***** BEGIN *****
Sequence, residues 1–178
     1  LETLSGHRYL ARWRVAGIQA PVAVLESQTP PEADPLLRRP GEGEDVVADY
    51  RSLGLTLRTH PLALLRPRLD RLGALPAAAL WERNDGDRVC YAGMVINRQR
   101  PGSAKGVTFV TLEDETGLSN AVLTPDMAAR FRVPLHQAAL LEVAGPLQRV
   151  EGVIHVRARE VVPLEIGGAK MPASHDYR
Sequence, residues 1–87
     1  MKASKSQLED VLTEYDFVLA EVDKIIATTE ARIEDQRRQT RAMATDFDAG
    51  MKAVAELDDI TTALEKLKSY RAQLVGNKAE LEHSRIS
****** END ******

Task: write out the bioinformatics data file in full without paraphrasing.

Sequence, residues 1–178
     1  LETLSGHRYL ARWRVAGIQA PVAVLESQTP PEADPLLRRP GEGEDVVADY
    51  RSLGLTLRTH PLALLRPRLD RLGALPAAAL WERNDGDRVC YAGMVINRQR
   101  PGSAKGVTFV TLEDETGLSN AVLTPDMAAR FRVPLHQAAL LEVAGPLQRV
   151  EGVIHVRARE VVPLEIGGAK MPASHDYR
Sequence, residues 1–87
     1  MKASKSQLED VLTEYDFVLA EVDKIIATTE ARIEDQRRQT RAMATDFDAG
    51  MKAVAELDDI TTALEKLKSY RAQLVGNKAE LEHSRIS